Quality Control...The "price of love", and the bigger picture.

When I was a young child, my father gave me my first fish- essentially some culls from his pure strain of solid blue Delta-Tail guppies. Having just turned 5, I couldn't care what they were, I was just thrilled to have some fish!

Obviously, as they years went by and my experience with fishes of all types grew, I began to be more of stickler when it came to the quality of the fishes I wanted for my collection. Like every hobbyist, I wanted the nicest specimens for my collection. However, I would occasionally purchase some "ugly ducklings" in the hope that my better-than-average care could bring out the best in them. Now, this is not an uncommon thing with fish geeks, right? It seems like almost every fish geek has a tank or two of "factory seconds"- fishes which may not be the best example of their species; fishes which may actually have some physiological issues. Fishes which, if they were in the wild, may not have made it.

Now, don't get me wrong- I'm ALL about compassion. I'm the guy who won't crush that wayward spider or cricket that wanders into the kitchen...But when it comes to fishes, I have tempered my compassion with a dose of reality, and an understanding of consequence. I am not an active breeder of fishes at the moment, but I know that if I was, I'd be pretty ruthless when it comes to culling. I have this issue with poor quality fishes getting into the hobby, as many of you probably do.

One of the things I hate the most is when you purchase a shoal of say, 15 Neon Tetras from the LFS, and you will almost always end up with 2 or 3 that, upon very close scrutiny, have small defects- missing or bent pectoral fins, missing gill plates, etc. Maybe even a crooked spine. Small defects that, perhaps don't harm the fish or render it incapable of survival, but problems that may or may not affect them later in life. The larger issue, as we all know, is that these lower quality specimens sneak into the gene pool, sometimes spawning, and perhaps affecting generations of the fish in a local area. And it's easy to overlook some of these little defects, particularly when you're purchasing small, shoaling/schooling fishes like characins, Danios, and Cyprinids, like I do.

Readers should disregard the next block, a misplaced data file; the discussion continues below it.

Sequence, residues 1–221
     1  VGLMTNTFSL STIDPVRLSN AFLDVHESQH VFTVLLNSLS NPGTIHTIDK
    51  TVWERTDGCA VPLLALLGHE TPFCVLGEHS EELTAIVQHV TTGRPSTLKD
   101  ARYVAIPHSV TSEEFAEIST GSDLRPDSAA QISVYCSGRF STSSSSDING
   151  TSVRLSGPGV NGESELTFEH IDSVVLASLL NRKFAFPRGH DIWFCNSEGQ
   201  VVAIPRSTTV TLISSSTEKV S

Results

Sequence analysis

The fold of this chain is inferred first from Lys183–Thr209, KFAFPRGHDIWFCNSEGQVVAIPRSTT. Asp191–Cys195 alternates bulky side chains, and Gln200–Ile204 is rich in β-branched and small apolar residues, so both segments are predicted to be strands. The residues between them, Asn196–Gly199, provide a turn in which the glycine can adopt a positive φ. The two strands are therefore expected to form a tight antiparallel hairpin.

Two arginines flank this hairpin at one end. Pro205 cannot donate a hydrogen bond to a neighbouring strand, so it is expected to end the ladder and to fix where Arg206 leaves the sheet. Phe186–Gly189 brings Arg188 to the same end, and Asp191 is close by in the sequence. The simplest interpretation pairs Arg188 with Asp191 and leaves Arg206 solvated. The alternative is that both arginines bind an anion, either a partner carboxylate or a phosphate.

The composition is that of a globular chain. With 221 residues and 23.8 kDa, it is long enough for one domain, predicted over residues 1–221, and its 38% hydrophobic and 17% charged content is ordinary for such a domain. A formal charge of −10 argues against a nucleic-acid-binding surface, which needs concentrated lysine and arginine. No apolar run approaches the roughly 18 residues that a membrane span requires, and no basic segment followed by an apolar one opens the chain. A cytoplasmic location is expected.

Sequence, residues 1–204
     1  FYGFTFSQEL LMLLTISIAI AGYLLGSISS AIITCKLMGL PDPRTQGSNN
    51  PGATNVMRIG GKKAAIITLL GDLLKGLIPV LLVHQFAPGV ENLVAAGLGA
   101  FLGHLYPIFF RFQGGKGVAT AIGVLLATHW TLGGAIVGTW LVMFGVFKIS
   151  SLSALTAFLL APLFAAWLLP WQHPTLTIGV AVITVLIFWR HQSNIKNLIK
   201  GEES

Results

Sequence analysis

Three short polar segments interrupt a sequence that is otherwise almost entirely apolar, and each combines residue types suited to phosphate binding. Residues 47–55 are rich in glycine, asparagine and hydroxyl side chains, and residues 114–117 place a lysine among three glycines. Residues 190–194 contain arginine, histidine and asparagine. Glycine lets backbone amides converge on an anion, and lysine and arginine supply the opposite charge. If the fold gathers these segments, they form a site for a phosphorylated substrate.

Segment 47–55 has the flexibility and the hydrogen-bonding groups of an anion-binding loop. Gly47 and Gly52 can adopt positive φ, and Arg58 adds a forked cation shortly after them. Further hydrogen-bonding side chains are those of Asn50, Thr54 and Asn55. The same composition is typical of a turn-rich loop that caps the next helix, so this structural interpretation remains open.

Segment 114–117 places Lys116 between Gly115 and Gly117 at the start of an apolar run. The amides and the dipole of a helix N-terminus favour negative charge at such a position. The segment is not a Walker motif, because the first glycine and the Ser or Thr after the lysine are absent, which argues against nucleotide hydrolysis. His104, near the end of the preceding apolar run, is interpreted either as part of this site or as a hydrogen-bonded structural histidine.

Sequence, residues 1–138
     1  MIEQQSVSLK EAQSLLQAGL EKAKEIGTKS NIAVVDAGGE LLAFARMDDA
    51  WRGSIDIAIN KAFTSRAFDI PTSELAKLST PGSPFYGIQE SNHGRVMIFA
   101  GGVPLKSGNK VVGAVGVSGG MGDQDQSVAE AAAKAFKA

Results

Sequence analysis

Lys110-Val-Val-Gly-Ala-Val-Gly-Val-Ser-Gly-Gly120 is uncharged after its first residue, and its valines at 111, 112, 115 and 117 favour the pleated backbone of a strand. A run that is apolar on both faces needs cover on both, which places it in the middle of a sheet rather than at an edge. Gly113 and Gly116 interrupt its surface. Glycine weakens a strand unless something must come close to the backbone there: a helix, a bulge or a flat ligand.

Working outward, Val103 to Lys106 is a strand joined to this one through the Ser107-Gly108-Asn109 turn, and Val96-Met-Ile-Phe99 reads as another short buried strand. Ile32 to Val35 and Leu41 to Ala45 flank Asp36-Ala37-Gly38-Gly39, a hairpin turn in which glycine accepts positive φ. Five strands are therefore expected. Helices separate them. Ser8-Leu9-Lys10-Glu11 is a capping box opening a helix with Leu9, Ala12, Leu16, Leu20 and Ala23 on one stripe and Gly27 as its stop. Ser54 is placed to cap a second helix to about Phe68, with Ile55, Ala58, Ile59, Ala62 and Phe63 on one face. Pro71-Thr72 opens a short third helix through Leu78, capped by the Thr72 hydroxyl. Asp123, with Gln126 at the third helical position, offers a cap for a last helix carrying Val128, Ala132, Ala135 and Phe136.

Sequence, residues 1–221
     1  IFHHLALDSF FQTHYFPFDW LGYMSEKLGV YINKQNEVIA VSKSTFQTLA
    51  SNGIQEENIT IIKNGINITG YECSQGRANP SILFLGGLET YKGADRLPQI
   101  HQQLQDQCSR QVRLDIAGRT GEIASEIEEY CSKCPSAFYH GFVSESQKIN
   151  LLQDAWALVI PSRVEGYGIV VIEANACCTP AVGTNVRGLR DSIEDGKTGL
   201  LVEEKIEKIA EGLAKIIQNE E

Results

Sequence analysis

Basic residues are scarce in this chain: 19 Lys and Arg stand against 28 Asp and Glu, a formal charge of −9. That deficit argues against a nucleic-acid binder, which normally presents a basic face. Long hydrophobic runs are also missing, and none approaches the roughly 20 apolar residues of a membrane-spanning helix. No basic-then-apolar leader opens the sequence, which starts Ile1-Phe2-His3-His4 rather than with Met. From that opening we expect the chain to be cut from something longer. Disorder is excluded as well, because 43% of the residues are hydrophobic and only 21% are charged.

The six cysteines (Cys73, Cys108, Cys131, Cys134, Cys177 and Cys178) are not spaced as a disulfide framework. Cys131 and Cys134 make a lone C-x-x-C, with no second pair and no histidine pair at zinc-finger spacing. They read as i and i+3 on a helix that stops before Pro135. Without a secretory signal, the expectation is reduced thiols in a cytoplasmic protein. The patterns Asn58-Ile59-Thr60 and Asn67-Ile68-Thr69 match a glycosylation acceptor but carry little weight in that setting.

We all have to be vigilant about this. It seems obvious, but it IS kind of hard to tell, in the chaos and activity of the store, that this Leopard Danio had a oddly-tilted caudal peduncle, or that the Rasbora was missing a section of it's left gill cover- but these things can't be allowed when we breed them (intentionally or otherwise), because the long-term quality of the species in captivity can be affected. And quite honestly, in recent years, I've noticed a lot of lower quality specimens, particularly of mass-bred fishes, slipping through the cracks and getting into retail stores, and often, ending up in hobbyists' aquariums.

This is not meant to be an indictment of every fish farming operation out there, or an allegation that wholesalers, or the LFS does a poor job. However, it IS meant to sort of give us all the occasional reminder that QC should start with the fish farmers, and the process needs to be continued at the wholesale, retail, and hobby levels. At every stage, buyers can and should "vote with their pocketbooks" and let the suppliers know that 27 of the 250 Neons they purchased had subtle, but significant defects.  

Yes, it IS often difficult to catch the "bad apples" when you're dealing with thousands of fishes- I know, I've operated a large scale aquatic livestock facility, and worked at a number of aquarium related businesses over the decades. I get it. However, it's critical, IMHO. Captive bred fishes are a vital part of the industry, and will be forever. However, with the hobby growing rapidly, and demand growing, it's incumbent upon us all- fish farmers, wholesalers, LFS owners/employees, and hobbyists, to carefully scrutinize every fish we purchase, and offer feedback along the chain